Many companies have launched resilience training programs to help employees develop their ability to adapt and bounce back from adversity. Resilience training can empower employees with coping skills to deal with workplace stress. These programs can help promote work-life integration, encouraging employees to establish healthy work-life boundaries by emphasizing the importance of self-care and time management. They can also cultivate a more supportive work environment emphasizing empathy, open communication and psychological safety. Resilience training can build emotional intelligence, equipping employees with tools to effectively manage their energy, set boundaries and navigate conflicts.

Resilience training can be extremely beneficial for individuals and organizations, but resilience training is not a panacea. Resilience training programs often focus on individual-level solutions, such as stress management techniques and mindfulness exercises. While well-intentioned, these programs place responsibility on the individual to cope with the demands of what may be a toxic work culture. It assumes employees can thrive regardless of their external environment.

McKinsey Health Institute research suggests toxic workplace behaviors are the single biggest predictor of burnout symptoms and, according to a recent survey from the American Psychological Association, 19 percent of workers say their workplace is very or somewhat toxic. Those who reported a toxic workplace were more than three times as likely to have said they have experienced harm to their mental health at work than those who report a healthy workplace.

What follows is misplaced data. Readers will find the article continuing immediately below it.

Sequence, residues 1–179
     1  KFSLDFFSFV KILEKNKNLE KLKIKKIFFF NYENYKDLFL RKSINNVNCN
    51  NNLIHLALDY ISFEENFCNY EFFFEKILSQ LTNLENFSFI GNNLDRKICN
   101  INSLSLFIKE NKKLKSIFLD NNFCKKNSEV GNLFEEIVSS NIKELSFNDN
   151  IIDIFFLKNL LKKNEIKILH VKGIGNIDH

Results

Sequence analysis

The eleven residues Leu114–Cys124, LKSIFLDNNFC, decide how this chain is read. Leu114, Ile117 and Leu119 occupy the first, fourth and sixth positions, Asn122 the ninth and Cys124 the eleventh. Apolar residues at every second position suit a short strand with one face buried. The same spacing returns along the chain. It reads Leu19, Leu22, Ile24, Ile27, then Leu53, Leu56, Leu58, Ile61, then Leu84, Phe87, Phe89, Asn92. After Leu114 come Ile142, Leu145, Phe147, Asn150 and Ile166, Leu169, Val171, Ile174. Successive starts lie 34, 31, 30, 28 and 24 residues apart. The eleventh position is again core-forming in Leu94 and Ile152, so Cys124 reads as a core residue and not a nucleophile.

Ignoring toxic behaviors and focusing just on coping techniques is a losing proposition. Research suggests that interventions which only target individuals are far less likely to have a sustainable impact on employee well-being than systemic, organizational-level interventions. So, while these practices may offer temporary relief, they do not address systemic issues that can breed toxicity within the workplace.

Ironically, helping employees develop resilience may actually encourage them to leave the organization. Employees with high adaptability are 60 percent more likely to report intent to leave their organization if they experienced high levels of toxic behavior at work than those with low adaptability. By solely relying on resilience training, HR leaders risk inadvertently perpetuating a cycle of burnout, masking the need for true cultural change. They may be treating the symptoms without addressing the root cause.

To address the root causes of a toxic culture, organizations should focus on the organizational norms that shape individual attitudes, habits and behaviors. Norms are the unwritten rules of behavior that are shared by members of a group, a team or an organization. Norms shape expectations about employee performance, defining what is acceptable and unacceptable behavior. Norms guide employee interactions with managers, peers and colleagues – as well as customers and clients. They help employees anticipate the consequences of their own actions. Employees generally adhere to norms because they want to fit in with the people around them, and that group identity exerts a very strong influence on individual behavior – both positive and negative.